A lean, bald-pated, drawling political strategist from Louisiana named James Carville helped Bill Clinton win an election in 1992 by reminding campaign staff of the importance of “the economy, stupid.” A recession that year probably helped unseat George Bush the First. As another presidential election looms, we’re hearing the same drumbeat. An unemployment rate lower than most economists thought sustainable in this day and age has emboldened Republicans everywhere, possibly contributing to their maniacal behavior.
But the economy ain’t what it used to be. The slippery doggone thing keeps morphing into something else. Once upon a time, everyone agreed on how to measure its performance with a simple, tripartite scorecard: the unemployment rate, the Dow Jones Industrial Average, and the growth of Gross Domestic Product–something for workers, something for investors, and something (supposedly) for everyone. This set of numbers is still a routinely recited mantra of economic journalism, from the Wall Street Journal to National Public Radio’s Marketplace.
The mantra, however, is losing its mojo. The unemployment rate says little about those who have given up looking for paid employment or stuck in crummy jobs. The Dow Jones is far less representative of the larger stock market than it once was. Measures of growth say nothing about how its goodies are distributed. Burgeoning concerns about increased income inequality have sparked efforts to develop so-called distributional accounts that would assess changes in the income of different groups within the U.S. population.
An even bigger, more conceptually profound problem is that the market economy provides only a small portion of the goods and services we rely on. Time devoted to non-market work—such as cooking meals, sweeping floors, taking out garbage, and looking after kids, people suffering illness or disability, and the elderly, accounts for about one-half of all labor hours in the U.S. today (See Table A.1 of tables for the 2018 American Time Use Survey). The value of this time is not factored into GDP.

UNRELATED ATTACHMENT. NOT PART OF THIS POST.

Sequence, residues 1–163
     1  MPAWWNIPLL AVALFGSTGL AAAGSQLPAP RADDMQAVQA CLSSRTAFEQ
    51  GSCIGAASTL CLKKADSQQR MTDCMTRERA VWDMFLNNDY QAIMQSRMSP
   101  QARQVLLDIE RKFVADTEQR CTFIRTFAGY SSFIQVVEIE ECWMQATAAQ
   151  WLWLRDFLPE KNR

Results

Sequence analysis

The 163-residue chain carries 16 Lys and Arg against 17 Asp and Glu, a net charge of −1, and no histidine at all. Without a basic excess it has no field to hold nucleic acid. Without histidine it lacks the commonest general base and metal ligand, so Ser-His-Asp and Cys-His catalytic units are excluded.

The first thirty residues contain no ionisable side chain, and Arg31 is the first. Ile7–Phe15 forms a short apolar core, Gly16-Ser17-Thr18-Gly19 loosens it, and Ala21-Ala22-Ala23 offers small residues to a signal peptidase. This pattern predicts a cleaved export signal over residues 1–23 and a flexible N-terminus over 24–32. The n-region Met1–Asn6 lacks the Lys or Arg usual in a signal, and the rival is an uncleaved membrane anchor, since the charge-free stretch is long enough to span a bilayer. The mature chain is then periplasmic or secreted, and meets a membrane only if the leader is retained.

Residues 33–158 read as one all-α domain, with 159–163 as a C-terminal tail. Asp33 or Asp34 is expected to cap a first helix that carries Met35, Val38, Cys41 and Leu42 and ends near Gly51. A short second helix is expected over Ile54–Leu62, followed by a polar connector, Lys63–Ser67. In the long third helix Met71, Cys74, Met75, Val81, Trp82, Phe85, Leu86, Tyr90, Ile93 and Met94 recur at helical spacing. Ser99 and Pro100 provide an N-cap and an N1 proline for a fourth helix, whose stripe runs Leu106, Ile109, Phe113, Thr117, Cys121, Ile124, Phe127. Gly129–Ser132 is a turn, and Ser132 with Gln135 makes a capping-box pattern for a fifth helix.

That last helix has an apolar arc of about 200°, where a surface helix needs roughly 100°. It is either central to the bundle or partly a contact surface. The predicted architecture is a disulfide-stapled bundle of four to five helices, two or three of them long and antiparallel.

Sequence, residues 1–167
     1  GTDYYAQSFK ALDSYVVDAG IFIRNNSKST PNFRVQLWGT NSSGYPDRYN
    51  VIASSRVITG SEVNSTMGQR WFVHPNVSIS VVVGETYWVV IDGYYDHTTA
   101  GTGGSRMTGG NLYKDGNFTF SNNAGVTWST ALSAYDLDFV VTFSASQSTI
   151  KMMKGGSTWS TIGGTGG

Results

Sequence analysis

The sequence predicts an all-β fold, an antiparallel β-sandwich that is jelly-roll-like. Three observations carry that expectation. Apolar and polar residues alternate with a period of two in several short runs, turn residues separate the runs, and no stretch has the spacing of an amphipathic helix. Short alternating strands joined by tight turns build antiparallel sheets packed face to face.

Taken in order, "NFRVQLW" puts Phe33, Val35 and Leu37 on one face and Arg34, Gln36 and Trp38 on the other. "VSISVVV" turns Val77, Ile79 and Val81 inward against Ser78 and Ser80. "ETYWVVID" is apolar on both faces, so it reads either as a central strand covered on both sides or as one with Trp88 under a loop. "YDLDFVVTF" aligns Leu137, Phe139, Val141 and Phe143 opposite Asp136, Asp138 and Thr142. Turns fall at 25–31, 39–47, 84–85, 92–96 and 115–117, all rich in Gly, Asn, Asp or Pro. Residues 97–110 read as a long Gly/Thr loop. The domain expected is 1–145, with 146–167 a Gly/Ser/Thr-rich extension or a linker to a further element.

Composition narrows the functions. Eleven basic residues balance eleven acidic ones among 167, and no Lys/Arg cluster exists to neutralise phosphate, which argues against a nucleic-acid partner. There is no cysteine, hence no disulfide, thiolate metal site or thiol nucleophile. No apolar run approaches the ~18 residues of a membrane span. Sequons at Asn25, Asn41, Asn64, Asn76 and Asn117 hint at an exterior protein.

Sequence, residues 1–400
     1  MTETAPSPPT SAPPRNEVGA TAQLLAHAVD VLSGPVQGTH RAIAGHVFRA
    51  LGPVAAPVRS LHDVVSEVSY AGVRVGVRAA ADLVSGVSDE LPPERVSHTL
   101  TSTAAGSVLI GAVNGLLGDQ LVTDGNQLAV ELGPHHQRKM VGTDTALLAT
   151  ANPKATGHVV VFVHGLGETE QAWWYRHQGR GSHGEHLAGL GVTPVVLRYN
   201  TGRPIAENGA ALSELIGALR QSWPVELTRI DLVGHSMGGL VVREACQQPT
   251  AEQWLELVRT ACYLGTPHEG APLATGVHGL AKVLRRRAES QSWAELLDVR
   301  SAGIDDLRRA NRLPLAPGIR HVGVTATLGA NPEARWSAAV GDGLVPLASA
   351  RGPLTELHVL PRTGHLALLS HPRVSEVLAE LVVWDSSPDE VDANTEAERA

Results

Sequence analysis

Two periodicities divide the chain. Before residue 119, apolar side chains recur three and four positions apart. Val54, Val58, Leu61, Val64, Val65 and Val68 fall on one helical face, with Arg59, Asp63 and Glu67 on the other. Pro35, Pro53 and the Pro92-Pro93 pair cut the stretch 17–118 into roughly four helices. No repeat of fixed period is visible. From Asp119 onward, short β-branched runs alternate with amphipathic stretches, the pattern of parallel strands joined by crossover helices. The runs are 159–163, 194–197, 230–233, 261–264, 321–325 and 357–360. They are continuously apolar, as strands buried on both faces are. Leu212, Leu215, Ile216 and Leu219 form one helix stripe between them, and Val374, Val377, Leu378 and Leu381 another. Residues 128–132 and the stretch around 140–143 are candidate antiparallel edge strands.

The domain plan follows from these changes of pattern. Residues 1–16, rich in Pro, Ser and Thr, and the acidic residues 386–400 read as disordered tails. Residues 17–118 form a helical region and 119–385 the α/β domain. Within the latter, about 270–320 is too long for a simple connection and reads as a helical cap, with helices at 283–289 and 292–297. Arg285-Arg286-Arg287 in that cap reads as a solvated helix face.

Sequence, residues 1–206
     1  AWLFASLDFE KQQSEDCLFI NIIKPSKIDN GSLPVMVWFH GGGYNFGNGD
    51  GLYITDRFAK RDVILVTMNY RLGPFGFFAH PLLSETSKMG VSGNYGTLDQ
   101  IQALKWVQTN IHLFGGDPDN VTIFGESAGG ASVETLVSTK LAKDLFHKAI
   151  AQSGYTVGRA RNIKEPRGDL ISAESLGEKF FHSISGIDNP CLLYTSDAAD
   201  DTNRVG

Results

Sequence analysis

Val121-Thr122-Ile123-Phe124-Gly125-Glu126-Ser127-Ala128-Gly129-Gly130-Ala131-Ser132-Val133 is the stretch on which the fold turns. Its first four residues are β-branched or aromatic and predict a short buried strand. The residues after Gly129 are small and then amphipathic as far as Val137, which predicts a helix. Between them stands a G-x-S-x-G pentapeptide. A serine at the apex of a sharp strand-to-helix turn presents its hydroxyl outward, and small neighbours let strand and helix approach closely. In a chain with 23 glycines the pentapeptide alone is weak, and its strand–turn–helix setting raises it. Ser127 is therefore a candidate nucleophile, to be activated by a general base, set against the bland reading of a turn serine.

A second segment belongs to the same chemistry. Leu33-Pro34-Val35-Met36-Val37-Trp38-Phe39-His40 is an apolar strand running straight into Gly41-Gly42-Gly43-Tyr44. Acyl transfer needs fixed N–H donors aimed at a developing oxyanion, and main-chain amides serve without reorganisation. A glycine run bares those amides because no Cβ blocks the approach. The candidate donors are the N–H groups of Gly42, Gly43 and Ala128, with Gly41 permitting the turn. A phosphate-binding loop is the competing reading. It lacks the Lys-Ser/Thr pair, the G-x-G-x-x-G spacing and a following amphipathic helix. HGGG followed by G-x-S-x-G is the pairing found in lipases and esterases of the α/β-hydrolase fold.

Nor does GDP include any valuation of unpriced environmental goods and services—including a stable climate—though the cost of replacing them or compensating for their loss would totally swamp current estimates of the value of global market output.
Failure to recognize that the market economy is only relatively small part of a much bigger and more complicated global provisioning system contributes to political confusion. For instance, in a recent New York Times op-ed, Farhad Manjoo counterposes a “generational culture war” with “fighting the rich” as though these two are mutually exclusive. It does not occur to him that generational differences in access to natural resources, ecological diversity, and environmental sustainability have an economic dimension.
Indeed, many of the curses hurled at “identity politics” seem to assume that age, gender, race/ethnicity and citizenship are subjective phenomena with purely psychological or cultural valence. On the contrary, these dimensions of identity are, like class, important determinants of access to resources and opportunities, as well as protection against opportunistic violence. A truly comprehensive set of distributional accounts would look beyond the metric of the market. The economy is much bigger, more complicated, and more colorful than economists have led us to believe.